Left: Aluminum strait edge ruler screwed firmly down to the bench.
Right: New work bench. 1 of 2 hopefully.
June 30, 2014
Time Spent 4+ hours
Total Time: 45 hours
Finished up the first work bench this week! Julie and I spent a lot of time reorganizing the barn. The hardest part was pushing the very large cast iron wood stove back into place by its chimney pipe wall penetration. Once I get the chimney pipes reconnected we’ll have heat. I look forward to burning wood scraps in the stove. Next winter I’ll be able to epoxy all winter long! You can see we have an entire quarter of the barn cleared out now for the project, now that is progress!
Picked up two yellow aluminum rulers that were 48” long (shown in photo). They were only $8.00 apiece. Asa and I carefully wet drilled nice neat holes in them about every 8 or 9 inches. I used our longest aluminum strait edge to make sure they were lined up perfectly before screwing them down.
Dad gifted 11 prebuilt wing ribs to me from TEAM and a Teleflex cable.
Thank you Dad!
I had worried that differences between TEAM’s jigs and mine would cause minute differences between the wing ribs and my concerns were somewhat justified. They are a little different a 1/16th off here and a 1/8th off there. I think the prudent course is to use my ribs for one wing and TEAMs ribs for the other wing. Aerodynamically I don’t think it will matter. The outer dimensions are very close.
The new stuff arrived undamaged. Overall very pleased with TEAM, glad I picked the Minimax for my first plane. David Cooper has been ever available when I needed help or advise.
I hung the new ribs up in the barn separately from my ribs. I really like the laser cut gussets. Shame team doesn’t just sell gussets.
One thing I can say with pride is that my home made wing ribs are cleaner and nicer looking than TEAM’s. When you make things for your own plane you take the time to get it as perfect as possible. Of course they have more experience than me and I suspect that my level of precision simply isn’t needed for wing ribs. The TEAM ribs are perfectly sound and strong, nothing wrong with them at all.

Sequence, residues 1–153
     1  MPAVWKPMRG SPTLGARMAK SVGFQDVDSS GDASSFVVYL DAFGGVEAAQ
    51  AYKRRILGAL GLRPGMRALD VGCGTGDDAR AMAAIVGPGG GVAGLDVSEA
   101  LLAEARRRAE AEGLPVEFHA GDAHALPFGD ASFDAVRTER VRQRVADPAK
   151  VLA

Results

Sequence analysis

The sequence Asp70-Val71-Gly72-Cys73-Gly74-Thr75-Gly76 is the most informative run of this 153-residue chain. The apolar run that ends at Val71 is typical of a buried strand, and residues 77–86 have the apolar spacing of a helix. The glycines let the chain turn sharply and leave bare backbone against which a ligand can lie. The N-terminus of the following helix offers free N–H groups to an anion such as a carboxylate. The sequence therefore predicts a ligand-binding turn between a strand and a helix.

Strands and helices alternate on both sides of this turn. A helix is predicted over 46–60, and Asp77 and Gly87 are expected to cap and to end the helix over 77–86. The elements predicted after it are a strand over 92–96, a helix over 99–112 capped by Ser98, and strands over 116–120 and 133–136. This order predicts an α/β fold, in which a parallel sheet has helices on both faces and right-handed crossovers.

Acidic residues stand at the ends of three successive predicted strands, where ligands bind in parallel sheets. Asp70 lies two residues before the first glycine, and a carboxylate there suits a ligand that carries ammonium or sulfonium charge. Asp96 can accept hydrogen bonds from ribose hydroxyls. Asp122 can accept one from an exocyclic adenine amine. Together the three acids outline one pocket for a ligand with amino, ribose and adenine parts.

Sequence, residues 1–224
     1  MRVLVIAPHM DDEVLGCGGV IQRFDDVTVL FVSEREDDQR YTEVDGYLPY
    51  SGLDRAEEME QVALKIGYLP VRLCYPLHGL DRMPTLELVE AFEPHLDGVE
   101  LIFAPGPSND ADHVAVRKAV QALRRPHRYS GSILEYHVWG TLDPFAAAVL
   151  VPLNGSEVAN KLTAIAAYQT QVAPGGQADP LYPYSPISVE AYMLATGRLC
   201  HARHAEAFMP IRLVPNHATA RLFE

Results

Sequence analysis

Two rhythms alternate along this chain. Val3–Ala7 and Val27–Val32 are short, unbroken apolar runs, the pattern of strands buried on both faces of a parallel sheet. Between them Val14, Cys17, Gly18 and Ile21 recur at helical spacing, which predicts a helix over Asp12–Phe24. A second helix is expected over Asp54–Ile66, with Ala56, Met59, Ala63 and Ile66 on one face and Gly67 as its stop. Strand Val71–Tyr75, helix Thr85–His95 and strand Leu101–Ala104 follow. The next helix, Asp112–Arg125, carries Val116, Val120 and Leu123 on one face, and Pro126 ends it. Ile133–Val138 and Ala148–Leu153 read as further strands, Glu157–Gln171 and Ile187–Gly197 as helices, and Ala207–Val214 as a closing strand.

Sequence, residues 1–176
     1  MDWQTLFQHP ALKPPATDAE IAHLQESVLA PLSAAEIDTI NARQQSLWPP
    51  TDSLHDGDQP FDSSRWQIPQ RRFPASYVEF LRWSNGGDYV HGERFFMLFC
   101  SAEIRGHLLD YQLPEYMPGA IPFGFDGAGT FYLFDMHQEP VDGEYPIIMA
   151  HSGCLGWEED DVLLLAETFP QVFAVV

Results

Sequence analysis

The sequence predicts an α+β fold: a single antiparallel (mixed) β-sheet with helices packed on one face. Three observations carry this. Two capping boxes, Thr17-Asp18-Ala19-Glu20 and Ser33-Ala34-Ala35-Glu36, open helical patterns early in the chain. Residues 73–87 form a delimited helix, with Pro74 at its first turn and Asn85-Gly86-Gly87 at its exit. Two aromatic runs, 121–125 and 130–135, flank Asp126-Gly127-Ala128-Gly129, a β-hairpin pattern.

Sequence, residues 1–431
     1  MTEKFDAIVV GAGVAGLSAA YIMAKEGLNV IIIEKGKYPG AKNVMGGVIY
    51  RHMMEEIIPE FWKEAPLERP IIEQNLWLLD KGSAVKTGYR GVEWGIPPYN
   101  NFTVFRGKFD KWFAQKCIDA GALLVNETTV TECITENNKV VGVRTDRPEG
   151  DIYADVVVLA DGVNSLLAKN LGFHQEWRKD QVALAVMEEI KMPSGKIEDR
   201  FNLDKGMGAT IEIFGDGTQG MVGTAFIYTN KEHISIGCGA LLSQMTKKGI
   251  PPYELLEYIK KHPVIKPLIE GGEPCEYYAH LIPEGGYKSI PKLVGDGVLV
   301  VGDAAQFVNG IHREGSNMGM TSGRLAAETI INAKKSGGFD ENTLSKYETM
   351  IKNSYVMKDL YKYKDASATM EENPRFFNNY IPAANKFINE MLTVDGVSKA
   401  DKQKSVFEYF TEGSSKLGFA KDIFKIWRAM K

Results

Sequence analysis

I also bought some used cheap used galvanized metal conduit and some phosphoric acid. I’ll use the acid to dissolve the zinc coating and thus rendering the metal safe to weld. This I’ll use to practice welding this summer.
I plan to upgrade my Lincoln with a gas kit so I can MIG (Metal Inert Gas). It can arc weld right now with a spool of fluxed wire but I think the MIG welds are stronger and look better. I’ll get a cylinder of CO2/AR mix for welding steel and a cylinder of AR alone for welding aluminum. The Minimax as designed does not have a lot of welding if any required but I think I’ll weld my own motor mount. Plus I might shape my cowling out of aluminum instead of carbon fiber.
Just for fun I lofted the vertical stabilizer this morning. I LOVE my workbench. Having a metal ruler screwed down in combination with a carpenter square is the bee’s knees! It’s like having a giant drafting board. I’ll get back to wing building soon I just wanted to make something new for awhile. After 45 hours of wing ribs, I’ve earned it.
I still have to put the blocking into the specialized ribs for the aileron brackets and so forth. Today I’ll go to the hobby lobby and see what their plywood looks like; I’ve heard its aircraft grade. I’ll do a boil test with a few plywood coupons and compare it with the stuff I’ve been getting from aircraft spruce.Next week I’ll get the materials to build the next bench. This one will only be five feet long instead of eight feet. I plan to bolt the two benches firmly together perfectly flush. I can do this because I’ve put carriage bolts in all the feet of the tables so they can be raised or lowered tiny fractions of an inch with a ¼” box wrench.